As he has been for most of his collegiate career, Brandon McArthur has been one of the top players for the Florida Gators. This season, however, the redshirt senior has been doing his work quietly.
The emergence of some younger bats in the lineup has allowed McArthur not to be the focal point of the offense. His .312 batting average, one home run and 24 RBI may say otherwise, but the emergence of freshmen Daniel Pigott and Preston Tucker has allowed McArthur to drop lower in the lineup, including some appearances in the No. 6 hole of the order this season.
And McArthur doesn’t care. His biggest contribution for coach Kevin O’Sullivan’s team has come in the field. Florida (28-14, 10-8 SEC East) struggled to find a working infield defensively at the beginning of the year until McArthur stepped up at third base. With Mike Mooney now healthy and playing solid at shortstop, the Gators have improved defensively.
“Everything is starting to click for us,” said McArthur. “Knock on wood, but every injury we’ve had to this point has been small. No large injuries have hurt us. We know that we struggled early in the season, and those days were tough, but we’ve got a lot of confidence now. No SEC series is a walk in the park, but we feel good about how we’re playing.”
McArthur started the season as the team’s first baseman but the hot-hitting Tucker (.333, 9 HR, 53 RBI) now is there. Tucker has made just two errors in 269 chances. The freshman’s bat has been entrenched in the middle of the Florida lineup, giving them a viable power threat capable of hitting a home run during any at-bat.
“(Tucker) doubted himself a little at the beginning of the season, but he kept pushing himself,” McArthur added. “He’s starting to settle in. It’s really fun to watch a young guy do that.”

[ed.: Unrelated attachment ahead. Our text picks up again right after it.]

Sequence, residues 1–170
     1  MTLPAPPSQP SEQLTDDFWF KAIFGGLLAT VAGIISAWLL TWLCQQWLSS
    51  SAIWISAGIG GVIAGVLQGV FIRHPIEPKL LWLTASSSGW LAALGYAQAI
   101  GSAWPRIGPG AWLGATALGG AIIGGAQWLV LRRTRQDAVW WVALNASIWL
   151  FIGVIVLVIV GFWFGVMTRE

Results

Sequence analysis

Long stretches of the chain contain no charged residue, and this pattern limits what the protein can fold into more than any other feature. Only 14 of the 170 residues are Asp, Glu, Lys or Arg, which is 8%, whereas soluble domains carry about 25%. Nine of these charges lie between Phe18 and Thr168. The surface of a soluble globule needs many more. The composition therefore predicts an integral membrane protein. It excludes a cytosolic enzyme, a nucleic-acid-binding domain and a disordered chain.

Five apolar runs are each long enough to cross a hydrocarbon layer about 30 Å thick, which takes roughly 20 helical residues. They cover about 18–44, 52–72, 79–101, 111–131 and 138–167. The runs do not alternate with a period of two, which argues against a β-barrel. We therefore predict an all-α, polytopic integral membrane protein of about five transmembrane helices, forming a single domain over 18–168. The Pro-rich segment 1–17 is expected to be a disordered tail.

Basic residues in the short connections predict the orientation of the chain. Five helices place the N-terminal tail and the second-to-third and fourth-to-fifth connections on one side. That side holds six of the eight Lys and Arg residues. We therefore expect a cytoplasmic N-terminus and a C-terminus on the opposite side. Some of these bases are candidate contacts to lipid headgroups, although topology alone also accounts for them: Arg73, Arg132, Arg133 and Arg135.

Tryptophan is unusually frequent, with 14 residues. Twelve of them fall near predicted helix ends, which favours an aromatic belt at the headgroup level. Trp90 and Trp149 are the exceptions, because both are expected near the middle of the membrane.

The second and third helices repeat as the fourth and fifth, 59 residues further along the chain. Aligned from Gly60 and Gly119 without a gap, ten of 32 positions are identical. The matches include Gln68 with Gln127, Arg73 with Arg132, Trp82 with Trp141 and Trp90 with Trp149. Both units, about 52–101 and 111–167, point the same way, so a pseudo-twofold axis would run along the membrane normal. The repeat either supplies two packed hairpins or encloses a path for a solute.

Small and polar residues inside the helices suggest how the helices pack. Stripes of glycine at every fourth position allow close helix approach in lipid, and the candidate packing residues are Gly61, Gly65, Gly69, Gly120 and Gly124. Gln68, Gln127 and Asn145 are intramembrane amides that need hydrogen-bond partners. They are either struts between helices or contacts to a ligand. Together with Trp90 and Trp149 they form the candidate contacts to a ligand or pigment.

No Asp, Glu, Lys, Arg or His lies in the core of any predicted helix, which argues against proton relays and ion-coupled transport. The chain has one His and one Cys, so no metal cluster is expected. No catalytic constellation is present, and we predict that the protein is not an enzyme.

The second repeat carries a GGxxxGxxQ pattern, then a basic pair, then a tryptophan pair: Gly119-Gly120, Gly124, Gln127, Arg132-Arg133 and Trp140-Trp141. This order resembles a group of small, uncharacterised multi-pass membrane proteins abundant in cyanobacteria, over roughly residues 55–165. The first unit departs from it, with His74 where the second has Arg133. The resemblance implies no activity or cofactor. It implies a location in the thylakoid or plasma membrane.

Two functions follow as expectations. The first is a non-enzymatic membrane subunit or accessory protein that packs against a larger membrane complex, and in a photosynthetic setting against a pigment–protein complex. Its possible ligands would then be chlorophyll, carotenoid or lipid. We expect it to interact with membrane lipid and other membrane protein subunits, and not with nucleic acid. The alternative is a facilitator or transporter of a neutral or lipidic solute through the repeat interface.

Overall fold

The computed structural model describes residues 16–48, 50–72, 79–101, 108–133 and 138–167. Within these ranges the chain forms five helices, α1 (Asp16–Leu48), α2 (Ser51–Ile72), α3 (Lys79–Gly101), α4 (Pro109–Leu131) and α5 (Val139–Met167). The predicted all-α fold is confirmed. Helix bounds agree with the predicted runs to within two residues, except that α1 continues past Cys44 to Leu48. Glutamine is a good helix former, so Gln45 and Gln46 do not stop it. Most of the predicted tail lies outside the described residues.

Meanwhile, Daniel Pigott (.311, 3 HR, 21 RBI) has been solid in right field and in the No. 2 hole in the lineup behind leadoff batter Matt den Dekker (.312, 5 HR, 22 RBI).
This weekend the Gators host the South Carolina Gamecocks (27-15, 9-9 SEC East) in a critical conference series for both teams. Heading down the stretch of conference play, O’Sullivan knows the importance of these last four series.
“Every week in this conference is different, and you have to put each series behind you whether you win or lose,” O’Sullivan said. “We’re coming down the stretch here though and we need to play well.”
South Carolina coach Ray Tanner has been around the block in this conference a few times. He has learned not to panic at the beginning of the season because he knows the conference games at the end of the season are the ones that matter the most.
“It always comes down to these last few series,” Tanner said. “There’s always a small distance between the top and bottom teams in this league. Sometimes your season can come down to one of your guys making a big pitch or getting a big hit. We just want an opportunity. That’s what makes the SEC what it is.”
The South Carolina offense is not the same group of home run hitters that eliminated the Gators from the SEC Tournament last spring, even though they are tied with Florida for fourth in the SEC with 312 runs scored this spring.